Tattoos after chemo

When I was a little girl I always associated Egypt with mummies. The back-from-the-dead-and-out-to-get-you bandaged variety that I saw in films. Based on the fact that only English actors could read the hieroglyphics and open the pharaohs’ tombs, I also felt a little superior, more sophisticated than this country of pyramid builders. Yet while we Britons were discovering that wood could be used for purposes other than burning, the ancient Egyptians invented the water clock to tell the time (because the sun dial was useless at night), a calendar that had precisely 365 days in a year and the blocks, tackles, tools and moving gear to help construct monuments that are still standing 6,000 years later. Of all their inventions the one I’m personally most grateful for is the tattoo.

Tattooing appeared to be an exclusively female practice, playing a therapeutic rather than cosmetic role. Found on the mummified remains of women, often on their stomachs and breasts, it’s been surmised that theses tattoos functioned as a permanent ‘good luck’ charm to help expectant mothers through pregnancy and childbirth.

Now, of course, tattoos are the preserve of men and women. Many of us have them and for a variety of reasons, but rarely therapeutic ones. However as ‘therapeutic’ is all about beneficial effect, then I’d argue that my recently acquired tattoos definitely are.

In 2004 I underwent chemotherapy for breast cancer and, like most women on my type of drugs, lost all my hair, eyebrows, eyelashes, the lot. Everything grew back of course, although the eyebrows were a bit of a let down. In 2009, at my five-year check up, I found out that I had breast cancer again, so it was chemotherapy once more and, when the treatment finished earlier this year, I knew it wouldn’t be too long before I started to look like me again. Well my hair and my eyelashes returned, but six months later my eyebrows still refused.

You don’t realise how important eyebrows are until they’re gone. They help to shape your face, give it warmth and allow you to show concern. Without them you can also look quite hard. I became quite expert at putting on my eyebrows everyday, and I’m guessing most people thought my eyebrows were actually mine, rather than carefully applied eye shadow. But, in hot weather, I’d often come home with one and a half eyebrows, and sometimes just half; it wasn’t a good look.

I already knew, from seeing music videos of Michael Jackson as well as some of the girls in the Big Brother house, that tattoos were used effectively as semi-permanent make up, and I decided this was now probably the only option open to me. But I didn’t want to look as though I’d been ‘done’, I wanted to look as natural as possible. Here’s what I did next:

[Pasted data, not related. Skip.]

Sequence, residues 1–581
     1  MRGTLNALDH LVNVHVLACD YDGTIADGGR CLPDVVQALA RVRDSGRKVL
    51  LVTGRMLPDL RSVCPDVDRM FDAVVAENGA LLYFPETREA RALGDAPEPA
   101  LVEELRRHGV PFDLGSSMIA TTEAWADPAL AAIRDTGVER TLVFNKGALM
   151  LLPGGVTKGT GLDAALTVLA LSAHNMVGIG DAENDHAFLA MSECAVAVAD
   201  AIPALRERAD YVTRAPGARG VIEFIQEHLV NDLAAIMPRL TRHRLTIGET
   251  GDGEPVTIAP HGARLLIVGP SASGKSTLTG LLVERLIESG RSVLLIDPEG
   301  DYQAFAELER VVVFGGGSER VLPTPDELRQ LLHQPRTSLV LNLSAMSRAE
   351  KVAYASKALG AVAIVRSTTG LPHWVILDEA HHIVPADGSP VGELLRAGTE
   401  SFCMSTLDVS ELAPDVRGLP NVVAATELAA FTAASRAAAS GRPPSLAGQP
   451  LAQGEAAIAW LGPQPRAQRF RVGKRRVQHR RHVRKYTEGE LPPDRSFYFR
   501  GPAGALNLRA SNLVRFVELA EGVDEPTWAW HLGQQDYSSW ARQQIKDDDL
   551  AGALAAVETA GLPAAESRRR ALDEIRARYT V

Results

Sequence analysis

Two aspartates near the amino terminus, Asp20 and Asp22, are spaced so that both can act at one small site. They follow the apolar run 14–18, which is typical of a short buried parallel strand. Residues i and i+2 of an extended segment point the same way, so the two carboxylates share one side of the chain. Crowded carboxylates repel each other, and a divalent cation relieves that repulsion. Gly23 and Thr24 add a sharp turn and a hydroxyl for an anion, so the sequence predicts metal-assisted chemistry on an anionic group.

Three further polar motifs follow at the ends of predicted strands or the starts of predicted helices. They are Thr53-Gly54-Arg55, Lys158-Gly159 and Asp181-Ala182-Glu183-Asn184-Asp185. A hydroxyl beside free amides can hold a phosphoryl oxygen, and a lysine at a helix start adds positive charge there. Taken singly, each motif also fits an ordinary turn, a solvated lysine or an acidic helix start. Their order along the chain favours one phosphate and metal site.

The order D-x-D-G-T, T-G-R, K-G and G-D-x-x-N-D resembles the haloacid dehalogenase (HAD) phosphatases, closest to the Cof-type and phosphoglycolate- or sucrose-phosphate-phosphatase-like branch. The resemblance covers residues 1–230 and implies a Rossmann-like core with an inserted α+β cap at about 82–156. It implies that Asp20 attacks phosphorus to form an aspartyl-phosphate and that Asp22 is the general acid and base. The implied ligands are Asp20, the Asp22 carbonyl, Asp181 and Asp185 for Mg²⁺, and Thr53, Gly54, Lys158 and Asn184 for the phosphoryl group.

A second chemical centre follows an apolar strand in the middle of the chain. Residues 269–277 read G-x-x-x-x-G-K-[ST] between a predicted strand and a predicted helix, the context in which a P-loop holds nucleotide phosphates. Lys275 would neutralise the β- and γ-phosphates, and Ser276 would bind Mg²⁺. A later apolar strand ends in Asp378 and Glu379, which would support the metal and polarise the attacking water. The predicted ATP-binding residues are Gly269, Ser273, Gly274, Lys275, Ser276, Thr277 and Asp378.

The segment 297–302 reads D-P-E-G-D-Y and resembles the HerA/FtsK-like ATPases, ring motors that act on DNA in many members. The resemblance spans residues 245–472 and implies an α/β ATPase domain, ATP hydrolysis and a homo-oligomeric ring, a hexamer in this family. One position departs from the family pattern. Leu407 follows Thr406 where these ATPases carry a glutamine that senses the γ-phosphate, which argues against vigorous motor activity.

1. Do the research
Like most people, I trust personal recommendation above everything, but what do you do if no one you know has had their eyebrows tattooed on? Yup, I had to resort to Google, but it was impossible to make an informed decision, so I called some beauty editors and asked their opinion. The result was unanimous and I was directed to a lady called Debra Robson-Lawrence.

2. Understand what’s involved
Once I’d contacted her office a technician phoned to have a pre-consultation consultation. This was a friendly, reassuring chat about the treatment and what could be achieved as well as to manage my expectations. Then a date was fixed to discuss my treatment plan with my chosen technician (Debra in my case) and have a ‘trial run’.

3. Decide on the ‘look’
I turned up at the Harley Street offices, wearing my usual make up as requested. Debra studied my eyebrows and suggested that a different shape might work better and could she show me. First she used a ruler to take measurements from both sides of each eye up to my brow line; then with an eyebrow pencil sharpened to within an inch of its life, she drew in each hair with light, deft strokes. After only a few minutes she asked me to look in the mirror and I was amazed. By creating a brow line slightly above my natural line she was able to achieve a more-awake, open look. We discussed where we might make changes, but in the end I couldn’t fault her design; we agreed a date for the tattoo.

4. Get tattooed
Two weeks later I was back in Harley Street having an anaesthetic cream applied to my eyebrow area. Debra double checked that I was still happy with the shape and colour, retook the measurements and began work. I’ve never had a tattoo and was expecting to feel some discomfort, but I hardly felt anything other than a little heat now and then. And it only took about 25 minutes max. I looked in the mirror and agreed where tweaks should be made. This was done and I was back on the tube heading home, but not before I’d taken out my mirror in the middle of Harley Street and had another long look. My eyebrows were darker than expected because the skin beneath the tattoo was red from the treatment, but I quite liked that, and the shape was perfect.

5. Perfect the effect
I always knew this was a two-stage process and the full effect of the tattoo wouldn’t be seen until after a second treatment. Some of the pigment used in the tattoo will flake away naturally with the top layer of skin and the overall look becomes softer and more natural. After a month a touch up session is needed to deepen the colour, if that’s what you want, and fill in any gaps.

How long the tattoo lasts depends on your skin type, but I have a colour boost to refresh mine every six months, but that’s all I need to do. Right now I don’t even need to touch them; they’re perfect.

Just like those Egyptian mummies my tattoos have been my good luck charm; they’ve given me more confidence and a feeling of well-being, which is a great pick-me-up after cancer. And, like their tattoos, no one knows I’ve got them – except you and me.

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